The Dow Jones reached an all-time high of 14,200 today, besting the pre-financial crisis record set in 2007. The robust gains may surprise many Wall Street analysts and cable news prognosticators who, just a few months ago, were raising the alarm that an Obama reelection would send the market into a tailspin.
During election season, experts warned that Obama’s intent to raise the capital gains, dividend and corporate taxes would hurt investments, while Mitt Romney’s business-friendly attitude would lead to a first day rally. It soon became “conventional wisdom” in the financial sector that the stock market would favor a Romney win, while an Obama second term would be disastrous.
Echoing a Romney campaign talking point, a chief economist at Gluskin Sheff praised Romney on CNBC as “a candidate that could more readily come to a compromise with the opposition” over the fiscal cliff deal, and would be “overall better” for the markets:
Fox Business seized on market gains the day after Romney’s first debate performance as evidence that the stock market was rooting for a Romney win. After Election Day, the network lamented that Obama’s win caused a market dip, which was actually a reaction to bad economic news from Europe and the impending fiscal cliff fight in still-gridlocked Congress:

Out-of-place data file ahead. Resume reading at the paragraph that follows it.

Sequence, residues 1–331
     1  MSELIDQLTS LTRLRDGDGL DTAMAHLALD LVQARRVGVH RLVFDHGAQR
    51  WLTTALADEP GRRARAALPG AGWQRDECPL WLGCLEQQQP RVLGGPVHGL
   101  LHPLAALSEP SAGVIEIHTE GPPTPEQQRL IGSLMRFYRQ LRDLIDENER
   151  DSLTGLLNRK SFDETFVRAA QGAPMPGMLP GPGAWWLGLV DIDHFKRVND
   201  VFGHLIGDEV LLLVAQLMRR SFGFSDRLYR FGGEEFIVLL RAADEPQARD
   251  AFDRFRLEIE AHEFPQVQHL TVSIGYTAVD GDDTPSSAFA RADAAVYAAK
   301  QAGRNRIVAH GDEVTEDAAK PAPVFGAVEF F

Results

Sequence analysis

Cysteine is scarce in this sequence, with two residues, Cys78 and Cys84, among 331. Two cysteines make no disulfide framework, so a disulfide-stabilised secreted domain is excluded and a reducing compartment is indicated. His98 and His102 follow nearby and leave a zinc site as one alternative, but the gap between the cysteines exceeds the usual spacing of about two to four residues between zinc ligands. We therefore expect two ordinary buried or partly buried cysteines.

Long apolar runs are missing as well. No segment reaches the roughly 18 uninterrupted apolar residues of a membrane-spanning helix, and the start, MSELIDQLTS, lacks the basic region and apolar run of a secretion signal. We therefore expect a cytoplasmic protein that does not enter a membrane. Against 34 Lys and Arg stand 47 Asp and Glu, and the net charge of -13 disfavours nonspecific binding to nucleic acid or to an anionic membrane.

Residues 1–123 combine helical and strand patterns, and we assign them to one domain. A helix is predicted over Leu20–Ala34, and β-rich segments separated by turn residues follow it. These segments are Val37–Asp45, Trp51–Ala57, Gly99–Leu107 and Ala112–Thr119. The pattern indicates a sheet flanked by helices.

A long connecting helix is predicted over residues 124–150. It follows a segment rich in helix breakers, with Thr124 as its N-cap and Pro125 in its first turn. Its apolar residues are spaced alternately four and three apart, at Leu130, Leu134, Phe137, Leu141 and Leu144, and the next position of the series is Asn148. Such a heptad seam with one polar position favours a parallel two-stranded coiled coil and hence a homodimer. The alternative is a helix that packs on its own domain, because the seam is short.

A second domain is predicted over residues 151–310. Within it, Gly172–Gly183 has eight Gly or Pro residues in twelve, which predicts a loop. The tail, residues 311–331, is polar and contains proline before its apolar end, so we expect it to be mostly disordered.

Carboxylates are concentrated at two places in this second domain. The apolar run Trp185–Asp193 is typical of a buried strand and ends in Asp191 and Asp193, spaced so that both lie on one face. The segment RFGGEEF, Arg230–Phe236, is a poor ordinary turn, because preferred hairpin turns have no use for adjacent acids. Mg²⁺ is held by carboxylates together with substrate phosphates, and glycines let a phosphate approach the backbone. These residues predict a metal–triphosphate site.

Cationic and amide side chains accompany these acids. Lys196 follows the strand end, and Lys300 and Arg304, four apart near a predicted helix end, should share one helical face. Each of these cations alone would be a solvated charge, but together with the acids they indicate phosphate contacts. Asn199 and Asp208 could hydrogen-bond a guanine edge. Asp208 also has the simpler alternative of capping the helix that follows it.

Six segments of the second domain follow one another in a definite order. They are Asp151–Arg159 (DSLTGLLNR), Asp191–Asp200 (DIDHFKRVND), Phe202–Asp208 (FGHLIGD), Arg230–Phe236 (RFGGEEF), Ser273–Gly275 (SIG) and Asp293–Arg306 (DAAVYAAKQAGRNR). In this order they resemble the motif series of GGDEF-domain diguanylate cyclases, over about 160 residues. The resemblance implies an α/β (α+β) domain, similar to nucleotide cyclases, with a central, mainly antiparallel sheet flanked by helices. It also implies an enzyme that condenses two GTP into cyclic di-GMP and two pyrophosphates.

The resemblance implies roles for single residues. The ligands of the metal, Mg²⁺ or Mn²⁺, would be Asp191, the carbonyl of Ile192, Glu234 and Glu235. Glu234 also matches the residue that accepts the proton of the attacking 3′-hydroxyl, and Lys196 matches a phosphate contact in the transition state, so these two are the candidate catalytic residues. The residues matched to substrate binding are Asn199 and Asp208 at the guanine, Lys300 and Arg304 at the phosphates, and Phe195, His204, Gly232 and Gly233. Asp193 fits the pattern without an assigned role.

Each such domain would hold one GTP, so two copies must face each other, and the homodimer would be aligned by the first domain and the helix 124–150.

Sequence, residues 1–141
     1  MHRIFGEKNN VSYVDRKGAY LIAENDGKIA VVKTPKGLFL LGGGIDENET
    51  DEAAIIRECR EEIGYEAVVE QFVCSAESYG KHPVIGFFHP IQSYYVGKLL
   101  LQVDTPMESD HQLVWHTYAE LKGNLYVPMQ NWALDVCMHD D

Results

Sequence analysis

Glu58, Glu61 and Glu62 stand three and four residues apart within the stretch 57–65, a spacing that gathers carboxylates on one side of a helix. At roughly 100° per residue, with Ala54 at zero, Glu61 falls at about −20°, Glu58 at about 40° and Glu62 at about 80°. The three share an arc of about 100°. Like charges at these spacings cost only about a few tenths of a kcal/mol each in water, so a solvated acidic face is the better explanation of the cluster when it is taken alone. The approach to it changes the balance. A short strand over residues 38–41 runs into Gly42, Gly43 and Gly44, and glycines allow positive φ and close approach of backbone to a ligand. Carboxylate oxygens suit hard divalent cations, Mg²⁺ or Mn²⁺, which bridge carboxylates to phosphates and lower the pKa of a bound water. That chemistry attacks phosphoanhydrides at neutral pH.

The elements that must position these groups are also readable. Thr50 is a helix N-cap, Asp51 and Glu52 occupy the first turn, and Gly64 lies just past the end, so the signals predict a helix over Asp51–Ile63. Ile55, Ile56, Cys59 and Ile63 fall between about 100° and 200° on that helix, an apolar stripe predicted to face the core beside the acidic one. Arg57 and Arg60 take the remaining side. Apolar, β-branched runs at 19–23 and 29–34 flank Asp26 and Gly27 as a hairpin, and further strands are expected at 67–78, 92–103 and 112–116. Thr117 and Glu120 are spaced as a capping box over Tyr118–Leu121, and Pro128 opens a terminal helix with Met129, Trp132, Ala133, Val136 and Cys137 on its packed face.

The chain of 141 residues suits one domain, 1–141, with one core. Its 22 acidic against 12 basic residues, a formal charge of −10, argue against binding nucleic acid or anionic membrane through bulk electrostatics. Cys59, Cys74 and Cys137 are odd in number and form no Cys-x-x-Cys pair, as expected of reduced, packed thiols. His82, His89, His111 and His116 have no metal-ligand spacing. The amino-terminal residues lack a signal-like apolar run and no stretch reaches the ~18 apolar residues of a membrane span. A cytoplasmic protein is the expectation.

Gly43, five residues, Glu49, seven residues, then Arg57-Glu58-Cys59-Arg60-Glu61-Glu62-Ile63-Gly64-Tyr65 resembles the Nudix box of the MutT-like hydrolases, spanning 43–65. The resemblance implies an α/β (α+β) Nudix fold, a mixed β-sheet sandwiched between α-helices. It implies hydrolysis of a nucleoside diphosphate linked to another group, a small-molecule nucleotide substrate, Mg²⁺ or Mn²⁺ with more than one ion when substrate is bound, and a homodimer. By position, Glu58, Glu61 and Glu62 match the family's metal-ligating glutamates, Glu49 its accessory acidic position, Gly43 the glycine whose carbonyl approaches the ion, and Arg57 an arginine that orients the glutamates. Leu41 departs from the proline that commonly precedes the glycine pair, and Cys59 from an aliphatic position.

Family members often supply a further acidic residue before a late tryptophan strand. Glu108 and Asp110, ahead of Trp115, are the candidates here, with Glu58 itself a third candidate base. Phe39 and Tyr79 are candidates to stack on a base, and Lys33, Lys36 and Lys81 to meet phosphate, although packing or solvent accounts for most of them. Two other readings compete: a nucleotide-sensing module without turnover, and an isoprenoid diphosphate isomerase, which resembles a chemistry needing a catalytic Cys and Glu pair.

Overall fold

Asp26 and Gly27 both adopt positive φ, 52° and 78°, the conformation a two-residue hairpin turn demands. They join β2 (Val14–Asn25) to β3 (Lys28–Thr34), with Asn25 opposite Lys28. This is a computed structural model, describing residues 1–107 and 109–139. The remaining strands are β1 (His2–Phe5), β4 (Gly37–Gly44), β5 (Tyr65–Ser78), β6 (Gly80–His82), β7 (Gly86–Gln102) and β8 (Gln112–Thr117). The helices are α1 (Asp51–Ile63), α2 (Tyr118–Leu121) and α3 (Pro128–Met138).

CNBC market analysts also stoked the panic, hosting a Barclay’s Capital manager who suggested Obama’s reelection would spark a recession like the one in 1948:
Even after the stock market continued to improve after Obama’s re-election, this same “conventional wisdom” prompted many investors to dump stocks at the end of last year, fearing an uptick in the capital gains tax.
The stock market has rallied this year on optimism that the U.S. housing market is recovering and signs that companies are hiring more. Strong corporate earnings and continuing economic stimulus from the Federal Reserve have also boosted stock prices.
Despite having already logged strong gains this year, stocks may still be able to maintain their momentum as investors move money out of bonds, Rob Lutts, chief investment officer at Cabot Money Management, said.
Conservatives have long tried to paint Obama as the “most anti-business” in history, ignoring the fact that corporate profits have skyrocketed to record highs in the past four years. Historically, the stock market has fared better under Democrats than Republicans.
Analysts predict the market will enjoy continued highs for the time being. However, according to the AP, investors are also bracing for setbacks to economic growth thanks to the automatic budget cuts that went into effect last week.